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Melanoma happens when a certain type of skin cell, called a melanocyte, starts to grow out of control. Melanocytes are cells that produce a brown pigment called melanin. Melanin protects the deeper layers from the effects of the sun. It is what you see when sun-exposed skin becomes freckled or tanned.
While melanoma is much less common than other types of skin cancer, it is considered to be more serious because it can spread to other parts of the body if it’s not detected and treated early. The American Cancer Society® estimates more than 90,000 cases will be diagnosed in 2018. It is one of the most common types of cancer in young adults.1
Melanoma can develop anywhere on the skin, but is most common on the parts of the body that are most often exposed to the sun – the chest and back in men, and the legs in women. The face and neck are also common places for melanoma to develop in both men and women.
Common treatments for melanoma include:
- Radiation therapy
- Immunotherapy, which helps the immune system recognize and destroy cancer cells
- Targeted drugs, which focus on keeping specific types of cancer cells from growing
The type of treatment your doctor plans for you will be determined by the stage (or extent) of the melanoma, whether it has spread to other parts of the body, and your overall state of health.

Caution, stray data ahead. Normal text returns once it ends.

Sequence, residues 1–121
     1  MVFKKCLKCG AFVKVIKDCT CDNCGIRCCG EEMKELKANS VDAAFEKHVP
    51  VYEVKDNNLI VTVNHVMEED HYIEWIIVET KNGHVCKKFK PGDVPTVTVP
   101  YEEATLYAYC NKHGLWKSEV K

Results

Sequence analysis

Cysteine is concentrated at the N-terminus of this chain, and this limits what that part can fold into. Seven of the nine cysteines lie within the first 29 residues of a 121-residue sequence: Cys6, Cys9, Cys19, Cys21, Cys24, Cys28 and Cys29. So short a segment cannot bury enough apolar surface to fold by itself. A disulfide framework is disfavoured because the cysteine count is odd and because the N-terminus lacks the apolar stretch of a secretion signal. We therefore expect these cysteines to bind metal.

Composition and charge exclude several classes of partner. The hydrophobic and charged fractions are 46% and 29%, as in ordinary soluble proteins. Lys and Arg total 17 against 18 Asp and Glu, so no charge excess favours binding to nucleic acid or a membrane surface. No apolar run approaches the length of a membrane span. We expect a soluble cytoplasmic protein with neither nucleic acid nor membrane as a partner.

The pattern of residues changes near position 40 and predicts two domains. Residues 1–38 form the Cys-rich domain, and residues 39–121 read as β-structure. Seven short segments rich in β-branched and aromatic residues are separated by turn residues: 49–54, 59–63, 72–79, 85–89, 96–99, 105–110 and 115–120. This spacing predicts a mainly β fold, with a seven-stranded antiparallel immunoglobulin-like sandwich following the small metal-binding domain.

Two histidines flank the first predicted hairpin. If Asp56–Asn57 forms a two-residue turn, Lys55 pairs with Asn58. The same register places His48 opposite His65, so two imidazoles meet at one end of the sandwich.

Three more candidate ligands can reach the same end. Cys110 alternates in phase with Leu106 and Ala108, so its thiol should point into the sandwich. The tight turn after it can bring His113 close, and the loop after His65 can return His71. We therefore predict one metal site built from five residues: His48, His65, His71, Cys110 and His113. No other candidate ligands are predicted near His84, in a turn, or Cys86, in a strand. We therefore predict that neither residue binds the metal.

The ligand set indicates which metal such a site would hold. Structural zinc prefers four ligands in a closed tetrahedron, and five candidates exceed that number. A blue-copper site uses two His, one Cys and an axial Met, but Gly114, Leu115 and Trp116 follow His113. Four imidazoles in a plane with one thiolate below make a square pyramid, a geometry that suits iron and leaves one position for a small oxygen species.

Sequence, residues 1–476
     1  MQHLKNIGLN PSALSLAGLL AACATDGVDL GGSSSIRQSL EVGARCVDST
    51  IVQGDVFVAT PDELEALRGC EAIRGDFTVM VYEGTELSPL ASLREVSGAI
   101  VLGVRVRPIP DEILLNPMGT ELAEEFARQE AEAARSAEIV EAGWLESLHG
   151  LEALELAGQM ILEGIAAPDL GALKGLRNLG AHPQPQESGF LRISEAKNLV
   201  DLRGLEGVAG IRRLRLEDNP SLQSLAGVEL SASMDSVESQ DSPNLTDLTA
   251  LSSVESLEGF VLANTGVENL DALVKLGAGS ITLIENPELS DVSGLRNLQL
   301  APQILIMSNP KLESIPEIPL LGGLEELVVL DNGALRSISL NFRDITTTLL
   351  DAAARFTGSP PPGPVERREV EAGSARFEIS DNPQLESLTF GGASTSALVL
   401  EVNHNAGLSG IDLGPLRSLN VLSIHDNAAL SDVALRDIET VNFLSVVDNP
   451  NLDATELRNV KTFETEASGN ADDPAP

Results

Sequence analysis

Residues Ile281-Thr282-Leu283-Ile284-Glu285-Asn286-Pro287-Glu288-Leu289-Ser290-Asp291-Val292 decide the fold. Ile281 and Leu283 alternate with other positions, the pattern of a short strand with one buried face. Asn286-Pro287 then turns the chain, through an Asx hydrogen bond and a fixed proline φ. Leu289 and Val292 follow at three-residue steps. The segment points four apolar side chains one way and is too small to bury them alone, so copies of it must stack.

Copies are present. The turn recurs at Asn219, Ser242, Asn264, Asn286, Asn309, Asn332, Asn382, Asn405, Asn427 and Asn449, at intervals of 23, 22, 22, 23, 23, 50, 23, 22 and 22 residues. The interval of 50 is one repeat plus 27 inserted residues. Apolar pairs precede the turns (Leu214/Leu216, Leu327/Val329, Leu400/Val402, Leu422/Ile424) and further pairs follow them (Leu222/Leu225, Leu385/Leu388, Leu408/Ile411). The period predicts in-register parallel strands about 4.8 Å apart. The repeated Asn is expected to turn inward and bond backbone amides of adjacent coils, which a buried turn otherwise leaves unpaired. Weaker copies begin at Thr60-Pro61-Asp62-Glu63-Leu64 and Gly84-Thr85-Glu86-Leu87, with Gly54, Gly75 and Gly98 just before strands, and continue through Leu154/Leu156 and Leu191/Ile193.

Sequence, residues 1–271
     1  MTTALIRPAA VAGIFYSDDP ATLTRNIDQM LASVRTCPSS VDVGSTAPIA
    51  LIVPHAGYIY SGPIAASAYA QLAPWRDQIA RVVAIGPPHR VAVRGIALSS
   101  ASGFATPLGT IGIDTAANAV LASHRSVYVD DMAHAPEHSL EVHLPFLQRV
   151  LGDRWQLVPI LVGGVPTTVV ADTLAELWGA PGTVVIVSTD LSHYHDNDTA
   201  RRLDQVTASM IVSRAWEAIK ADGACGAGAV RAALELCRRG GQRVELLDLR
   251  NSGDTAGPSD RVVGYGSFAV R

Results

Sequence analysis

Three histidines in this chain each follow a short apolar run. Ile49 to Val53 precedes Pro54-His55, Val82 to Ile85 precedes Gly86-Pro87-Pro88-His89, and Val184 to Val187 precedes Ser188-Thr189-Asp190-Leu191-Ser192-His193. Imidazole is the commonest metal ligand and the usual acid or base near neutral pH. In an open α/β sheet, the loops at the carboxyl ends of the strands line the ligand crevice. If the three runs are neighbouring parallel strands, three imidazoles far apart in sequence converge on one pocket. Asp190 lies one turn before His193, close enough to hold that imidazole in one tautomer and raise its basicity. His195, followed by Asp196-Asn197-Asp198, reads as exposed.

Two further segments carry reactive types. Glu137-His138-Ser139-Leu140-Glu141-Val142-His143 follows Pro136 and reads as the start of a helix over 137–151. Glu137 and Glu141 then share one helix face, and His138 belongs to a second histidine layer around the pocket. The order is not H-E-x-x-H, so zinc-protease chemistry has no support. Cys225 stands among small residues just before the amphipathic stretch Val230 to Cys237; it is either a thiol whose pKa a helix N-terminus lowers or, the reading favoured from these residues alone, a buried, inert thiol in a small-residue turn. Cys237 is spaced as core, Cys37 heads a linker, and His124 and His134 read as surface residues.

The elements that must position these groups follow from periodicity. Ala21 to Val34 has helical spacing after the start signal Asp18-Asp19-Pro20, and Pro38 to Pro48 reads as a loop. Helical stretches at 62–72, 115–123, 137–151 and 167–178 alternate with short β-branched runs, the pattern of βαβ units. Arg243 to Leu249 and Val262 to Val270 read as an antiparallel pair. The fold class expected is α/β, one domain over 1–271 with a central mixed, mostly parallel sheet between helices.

Because most treatments for cancer have side effects, it’s important to take care of yourself both before and during treatment. Things you can do to make treatment easier include:
- Getting enough rest
- Eating a healthy diet
- Staying physically active
- Staying connected with family and friends
If you have any questions about your treatment, or have concerns about side effects, talk to your doctor or call your CVS Specialty CareTeam.
This information is not a substitute for medical advice or treatment. Talk to your doctor or health care provider about your medical condition and prior to starting any new treatment. CVS Specialty assumes no liability whatsoever for the information provided or for any diagnosis or treatment made as a result, nor is it responsible for the reliability of the content.
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1American Cancer Society® Website. www.cancer.org/cancer/melanoma Accessed October 3, 2018.
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